For all of his achievements, Scott Dixon has
never fallen into the trap of complacency.
Target Chip Ganassi Racing managing
director Mike Hull says that his dedication
to unlocking more speed was evident in
post-season testing at Road America,
where Dixon spent eight hours “tweaking a
car that most people thought was ready to
go.” Dixon himself laughs that day off as a
combination of enjoying the track and the
long job list handed to him by engineering
manager Julian Robinson. (“You could go
to a 10-day test and Julian would still have
crap to go through...”)
That said, Dixon has identified areas
where he is targeting improvement.
“Short tracks,” he says. “I was really
looking forward to going to Milwaukee in
2016 because I felt like this year we got the
car a bit better. And I’ve never won at Iowa.
So we need to work on that a little bit.
“And qualifying at some tracks, such as
Barber – I feel like we always have the
fastest race car there, but I don’t get
enough out of it in qualifying.”
that’s what impresses me, that hunger.
You can’t teach people that; they’ve got
to have it in their make-up.”
That hunger has earned Dixon a
guaranteed place among the sport’s all-time
greats, and while he’s aware of his stats, he
views such plaudits through a wide lens.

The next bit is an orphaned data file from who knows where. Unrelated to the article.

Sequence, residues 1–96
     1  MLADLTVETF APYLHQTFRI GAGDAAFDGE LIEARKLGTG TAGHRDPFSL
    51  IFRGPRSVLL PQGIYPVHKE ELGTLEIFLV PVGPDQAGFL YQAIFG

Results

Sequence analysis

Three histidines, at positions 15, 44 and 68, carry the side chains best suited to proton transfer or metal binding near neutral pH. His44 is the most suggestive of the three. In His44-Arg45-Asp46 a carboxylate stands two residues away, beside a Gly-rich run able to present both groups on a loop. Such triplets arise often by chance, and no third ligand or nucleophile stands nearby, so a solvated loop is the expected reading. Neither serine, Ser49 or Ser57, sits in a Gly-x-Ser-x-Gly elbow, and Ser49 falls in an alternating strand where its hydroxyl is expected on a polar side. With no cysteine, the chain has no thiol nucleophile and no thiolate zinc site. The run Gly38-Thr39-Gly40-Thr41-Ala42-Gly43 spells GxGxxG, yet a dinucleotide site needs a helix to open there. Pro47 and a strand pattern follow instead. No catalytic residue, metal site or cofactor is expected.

“Stats are something that you look at
when you retire, or when you move away
from that formula,” he says. “And, sure,
you hope you’re happy with what you
achieved. For me, I just want to win. And if
that helps the stats, fantastic.”
Dixon still has plenty of time to build
upon his numbers.
“If you look at Helio [Castroneves], and
Juan [Pablo Montoya], and TK [Tony
Kanaan], these guys have been going
even longer than myself,” he says.
“Helio’s like a bloody jack-in-the-box
that keeps going off the whole time. He’s
got a lot of energy and it’s inspiring to see.
I’m competitive, and I want to race, and
when I race I don’t want to just turn up
and fill the field. I want to be able to win.”
That he’s still searching for more at the
age of 35 is one of the other secrets to his
career: Franchitti describes Dixon’s
sustained competitive fire as his most
impressive quality as a driver.
“For me, that motivation was never a
constant thing,” says the Scot. “But Dixon
has kept that up for what, 15 years? And
There aren’t too many weak
points in Scott Dixon’s arsenal,
but the four-time IndyCar Series
champ believes short ovals are
one area where there’s still
scope for improvement.
Scott Dixon and Dario Franchitti
exemplified the open-book approach as
teammates, and Franchitti continues to
have a valuable presence on the pitwall.
38 WINTER 2015
vERIzoN INdycAR SERIES